Europe Hints & Tips Sightseeing

A different way to see the city of London

As a regular visitor to the incredible city of London, I thought I’d seen it in pretty much all its forms. The famous and imposing sights in the city are scattered all over, making it somewhat of a mission to get from one to the next. The amateur traveller probably takes the underground. The tube might be convenient, but you miss out on the bustle of the city streets and the people-watching. Let me let you in on a secret… London is best seen by boat.

The meandering River Thames slices through the centre of London, trying to be an obstacle in the path of travellers. On one side, you have the bustling Southbank, the iconic London Eye and the SeaLife Aquarium. On the other; Covent Garden, Trafalgar Square and the Houses of Parliament, to name but a few. So how do you get around London while still enjoying the sights of the city?

On a Budget

The Thames Clipper is a public transport ferry service that connects many piers along the river Thames. The service is speedy, with frequent departures (every 10 minutes or so) and you can easily pay by Oyster. Start at North Greenwich Pier on the East of the city, next to the O2 arena. The first stop is Greenwich Pier, home of the Meridian Line (at the Royal Observatory) and the National Maritime Museum. Two stops later is Canary Wharf, where you will see the city skyscrapers and home of the big banks. The next major site is Tower Bridge, so head to the back deck for a photo op as you glide through under it. Get off at Tower Pier to visit the Tower of London or City Hall. If not, keep your eyes peeled for the docked HMS Belfast; her features are impressively close as you cruise by beside her. Consider getting off at Bankside Pier to visit the Tate Modern, or to cross the famous Millennium Bridge (pedestrians only) for a short walk to St Paul’s Cathedral. Disembarking at Embankment Pier puts you in the heart of London; a 10 minute walk from Trafalgar Square, Covent Garden and Piccadilly Circus. Otherwise, go to the end of the line and get off at Westminster Pier. Stand under Big Ben, then cross the bridge towards the London Eye for a better view of the Houses of Parliament.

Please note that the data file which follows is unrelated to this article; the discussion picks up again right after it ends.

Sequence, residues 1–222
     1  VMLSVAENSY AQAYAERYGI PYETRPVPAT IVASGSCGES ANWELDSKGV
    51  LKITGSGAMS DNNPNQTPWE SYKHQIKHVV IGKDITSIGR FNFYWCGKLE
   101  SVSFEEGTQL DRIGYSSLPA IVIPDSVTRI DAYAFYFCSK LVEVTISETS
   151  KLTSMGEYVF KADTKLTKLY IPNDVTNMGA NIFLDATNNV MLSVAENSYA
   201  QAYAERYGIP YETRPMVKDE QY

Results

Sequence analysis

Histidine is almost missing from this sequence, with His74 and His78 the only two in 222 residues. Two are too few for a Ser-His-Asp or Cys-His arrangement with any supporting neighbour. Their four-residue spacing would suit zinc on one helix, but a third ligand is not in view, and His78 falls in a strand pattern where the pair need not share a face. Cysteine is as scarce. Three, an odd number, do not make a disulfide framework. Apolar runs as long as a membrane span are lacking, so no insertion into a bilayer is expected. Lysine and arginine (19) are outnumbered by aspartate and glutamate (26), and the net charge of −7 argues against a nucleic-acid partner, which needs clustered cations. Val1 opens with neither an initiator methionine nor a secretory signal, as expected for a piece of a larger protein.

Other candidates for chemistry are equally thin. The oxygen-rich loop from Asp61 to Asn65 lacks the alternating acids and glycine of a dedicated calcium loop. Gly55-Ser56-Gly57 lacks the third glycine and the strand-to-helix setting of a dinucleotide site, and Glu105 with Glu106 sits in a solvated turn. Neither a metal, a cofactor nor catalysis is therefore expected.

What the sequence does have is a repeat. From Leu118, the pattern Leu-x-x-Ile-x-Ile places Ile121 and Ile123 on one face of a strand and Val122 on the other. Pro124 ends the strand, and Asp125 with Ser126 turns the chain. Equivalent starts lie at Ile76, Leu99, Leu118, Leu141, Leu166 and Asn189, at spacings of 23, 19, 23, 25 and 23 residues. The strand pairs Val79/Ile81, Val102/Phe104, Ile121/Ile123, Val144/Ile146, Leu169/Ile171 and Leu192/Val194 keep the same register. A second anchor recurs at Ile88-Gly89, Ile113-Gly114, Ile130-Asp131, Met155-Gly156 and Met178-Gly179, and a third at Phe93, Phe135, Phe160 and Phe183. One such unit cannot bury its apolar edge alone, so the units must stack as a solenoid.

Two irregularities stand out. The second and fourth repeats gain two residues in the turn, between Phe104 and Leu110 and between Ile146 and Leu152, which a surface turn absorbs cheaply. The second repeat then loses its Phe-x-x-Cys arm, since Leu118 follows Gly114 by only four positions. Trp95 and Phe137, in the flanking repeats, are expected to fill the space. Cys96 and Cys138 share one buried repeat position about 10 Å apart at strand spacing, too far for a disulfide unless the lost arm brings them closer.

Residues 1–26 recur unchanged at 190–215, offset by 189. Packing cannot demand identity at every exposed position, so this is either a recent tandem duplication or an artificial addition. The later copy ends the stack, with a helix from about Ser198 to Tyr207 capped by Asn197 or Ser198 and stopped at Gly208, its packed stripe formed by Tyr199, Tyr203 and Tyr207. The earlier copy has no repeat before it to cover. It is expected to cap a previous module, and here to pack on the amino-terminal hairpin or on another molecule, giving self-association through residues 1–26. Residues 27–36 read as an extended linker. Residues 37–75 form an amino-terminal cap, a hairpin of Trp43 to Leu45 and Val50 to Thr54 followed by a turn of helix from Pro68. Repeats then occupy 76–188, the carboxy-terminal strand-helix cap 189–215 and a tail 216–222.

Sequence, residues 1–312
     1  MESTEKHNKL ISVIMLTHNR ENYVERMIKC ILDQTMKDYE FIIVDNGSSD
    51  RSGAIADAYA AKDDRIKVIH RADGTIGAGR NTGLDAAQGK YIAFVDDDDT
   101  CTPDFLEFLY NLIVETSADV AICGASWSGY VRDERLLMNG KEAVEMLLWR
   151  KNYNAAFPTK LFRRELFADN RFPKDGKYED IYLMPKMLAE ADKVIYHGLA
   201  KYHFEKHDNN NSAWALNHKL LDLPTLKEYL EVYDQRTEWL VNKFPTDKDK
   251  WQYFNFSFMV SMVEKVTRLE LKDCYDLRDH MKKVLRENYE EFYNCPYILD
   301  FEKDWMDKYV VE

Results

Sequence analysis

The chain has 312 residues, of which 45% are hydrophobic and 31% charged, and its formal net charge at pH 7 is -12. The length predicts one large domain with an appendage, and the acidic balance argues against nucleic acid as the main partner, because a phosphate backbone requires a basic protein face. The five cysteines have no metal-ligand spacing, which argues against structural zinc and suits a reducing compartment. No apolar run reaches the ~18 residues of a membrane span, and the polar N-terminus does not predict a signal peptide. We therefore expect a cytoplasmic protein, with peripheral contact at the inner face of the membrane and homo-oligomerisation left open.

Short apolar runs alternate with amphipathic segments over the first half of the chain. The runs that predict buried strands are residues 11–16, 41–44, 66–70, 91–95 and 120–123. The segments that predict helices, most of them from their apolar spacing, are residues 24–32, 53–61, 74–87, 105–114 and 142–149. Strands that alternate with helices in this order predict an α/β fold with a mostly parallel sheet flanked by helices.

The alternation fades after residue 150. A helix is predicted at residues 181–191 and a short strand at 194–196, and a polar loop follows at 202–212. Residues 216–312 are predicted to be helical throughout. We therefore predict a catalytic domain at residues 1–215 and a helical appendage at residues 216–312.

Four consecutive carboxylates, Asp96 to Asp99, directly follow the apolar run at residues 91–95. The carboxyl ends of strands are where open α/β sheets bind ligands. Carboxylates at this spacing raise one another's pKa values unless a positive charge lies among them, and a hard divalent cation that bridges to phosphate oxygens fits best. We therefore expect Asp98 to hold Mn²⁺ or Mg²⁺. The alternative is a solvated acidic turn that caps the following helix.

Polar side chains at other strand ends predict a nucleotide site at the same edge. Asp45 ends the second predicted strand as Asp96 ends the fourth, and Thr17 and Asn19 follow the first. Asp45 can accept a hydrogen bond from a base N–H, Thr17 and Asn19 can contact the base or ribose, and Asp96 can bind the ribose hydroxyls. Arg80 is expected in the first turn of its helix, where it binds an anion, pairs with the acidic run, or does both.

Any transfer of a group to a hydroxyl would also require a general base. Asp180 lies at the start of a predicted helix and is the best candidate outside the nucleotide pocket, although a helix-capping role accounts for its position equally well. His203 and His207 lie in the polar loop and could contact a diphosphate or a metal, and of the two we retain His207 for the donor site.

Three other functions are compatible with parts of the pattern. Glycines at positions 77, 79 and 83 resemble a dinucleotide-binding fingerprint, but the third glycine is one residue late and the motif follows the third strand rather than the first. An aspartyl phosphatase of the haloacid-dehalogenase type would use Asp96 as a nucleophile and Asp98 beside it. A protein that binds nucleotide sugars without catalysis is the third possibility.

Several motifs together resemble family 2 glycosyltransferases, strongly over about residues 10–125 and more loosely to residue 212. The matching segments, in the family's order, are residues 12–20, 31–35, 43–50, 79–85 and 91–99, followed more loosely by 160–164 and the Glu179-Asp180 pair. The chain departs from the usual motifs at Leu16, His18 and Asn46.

Pushing the Boat Out

Pardon the pun! But if you’re looking for a unique experience, perhaps to celebrate a special occasion in the city, then do consider a lunchtime river boat cruise. We recently joined Bateaux London Cruises for a Sunday Lunch trip along the Thames. The 2.5hr journey started and finished at Embankment Pier, first floating up river past Battersea and Chelsea. We turned around and headed down towards Canary Wharf, where we U-turned again, bound for the centre of London. The price starts at £59pp, and excludes all drinks but we thought it was a worthwhile experience. The service was prompt and the 3 courses were all excellent. A live band played jazz music and there were decks to the sides and aft of the boat for anyone wanting some fresh air or good photos of the landmarks we passed. There was no commentary or information en-route, but a simple map was provided highlighting some of the major sights we would be seeing on our journey. I can imagine that the dinner cruise would also be pretty, especially as the city lights start to twinkle.

What’s your favourite way to see London? If you enjoyed this, you might also like to read Seven Secret Sights in London. We’d love to hear your thoughts, so get in touch via social media or leave a comment below. 

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